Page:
One of the most magical experiences I have ever done was to release baby turtles into the sea. In Hikkaduwa, Sri Lanka, my friend, Mark, told me that he had been to the hatchery several times before I got there, and each time they told him that the turtles would be released very soon. Mark wanted me to be there when the babies were released, and he hoped that I wouldn’t miss it.
During the week, we walked down to the hatchery from home, and the guy told us that they would be liberating the babies the following evening.
So, the next day we returned, only to be met by a big group of people. Obviously, the news had spread and they too wanted to witness this spectacle. The guy who runs the hatchery told us about their charges. Some of the larger turtles had been injured by boats or had lost a flipper from being entangled in nets.
The ones that had lost flippers aren’t able to swim straight in the sea and become easy prey, so they are rescued and kept at the hatchery until they are able to be released. The manager told us that he teaches them how to swim and catch food again. He does this by reducing the amount of water in the tank and when the turtle can swim and feed easily, he increases the water level. It continues like that until the turtle can swim and feed in deeper water. Once they have fully recuperated, they are released back into the wild.
I was amazed, not only at his knowledge of sea turtles, but his compassion for wanting to help these beautiful creatures was inspiring. I am never quite sure whether these establishments really do have the animals best interests at heart, or whether it’s just a money making scheme, but I felt differently about this place. They really seemed to want to be help the animals and be involved in the conservation of the species.
In Sri Lanka, people eat turtle eggs, however the hatchery takes on the task of collecting the eggs from the beach or paying the fisherman for them. They are then taken back to the hatchery and it’s here that the babies will begin their lives. The eggs are buried in sand and they incubate until they are ready to hatch. The people working at the hatchery are careful to replicate things as they would be in the wild, so after the eggs are buried, the sand is built up in a conical shape, so when the babies hatch, the sand collapses in on them and the turtles have to scrabble to make their way out into the world.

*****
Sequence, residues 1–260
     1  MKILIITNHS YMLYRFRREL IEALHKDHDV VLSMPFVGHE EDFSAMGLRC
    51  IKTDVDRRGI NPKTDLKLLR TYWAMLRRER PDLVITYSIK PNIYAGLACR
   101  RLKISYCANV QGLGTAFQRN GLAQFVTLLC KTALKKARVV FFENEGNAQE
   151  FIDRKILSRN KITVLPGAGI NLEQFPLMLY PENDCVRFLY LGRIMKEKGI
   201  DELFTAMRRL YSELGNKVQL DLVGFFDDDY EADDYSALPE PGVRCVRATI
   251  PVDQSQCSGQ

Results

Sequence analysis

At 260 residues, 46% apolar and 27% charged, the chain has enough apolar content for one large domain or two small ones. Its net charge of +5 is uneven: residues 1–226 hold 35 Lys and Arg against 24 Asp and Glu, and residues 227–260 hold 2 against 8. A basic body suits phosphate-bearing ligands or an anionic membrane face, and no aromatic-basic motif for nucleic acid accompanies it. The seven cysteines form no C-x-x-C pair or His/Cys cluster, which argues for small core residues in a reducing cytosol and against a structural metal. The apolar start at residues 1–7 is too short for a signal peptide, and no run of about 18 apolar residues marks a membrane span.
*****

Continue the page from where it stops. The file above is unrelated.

We made our way to the small beach where loads of others had congregated, waiting for this wonderful spectacle. We noticed a Brahminy Kite (Haliastur indus) flying overhead. We watched as the kite was attacked by three, considerly, smaller birds, maybe protecting their young perhaps, or trying to get rid of the competition for what was about to happen.
We did think it odd that the kite was there at the exact same time as the turtles were being released. Although, I guess, this is what happens in the wild, predators know when events like this are happening and they congregrate. However, this is the unfortunate thing with human intervention. On one hand, the hatchery works tirelessly in their effort to protect the turtles, but the mere fact that they collect eggs from the beach and release the babies amidst a crowd of tourists must alert predators to what they are doing. Brahminy Kites are intelligent birds, and they use associative learning in the wild where visual and auditory cues help them to search for food.
The guys in charge told everyone that each person could come and take a baby to release. We weren’t expecting that! We thought it would be observing only! We were thrilled, although come to think of it now, the babies may have been a tad scared of these big human forms looming in over them. But, they seemed eager to get on their way, their flippers flapping vigorously. So with cute baby in between gentle fingers, we were told to line up and let them go all at once.
And off they went! They were tiny, but they were so determined to reach the water. The waves had other ideas though, and swept the little ones back to where they had started. But they continued on and, eventually, after much encouragement from the humans, they made it to the sea, and there they began their journey into deeper water and through their long lives.
Suddenly, the Brahminy Kite reappeared, flew overhead, took a swooping dive, and swiped one of the babies up into its beak. We all shouted at it, like that was going to do any good. We thought about what happens in the wild. Only 1 in 1,000 turtles survive to adulthood. There were 50 babies released, so we hoped that the other 49 made it! But, still, one has to wonder, are the humans to blame in this instance?
As our little turtle scampered towards the sea, both Mark and I had tears in our eyes, as did a few others I expect. We almost started full on crying. They were tears of joy though, it was a really emotional experience, setting that tiny creature off on its journey into the big wide expanse of the ocean. And to think, if those babies survive to adulthood, the female of the species, remarkably, returns to the same beach she was born, to lay her eggs. They truly are amazing animals and deserve to be protected. I can only hope that this hatchery really is making a difference.
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Sea Turtle Hatchery, Peraliya-Telwatta, Sri Lanka
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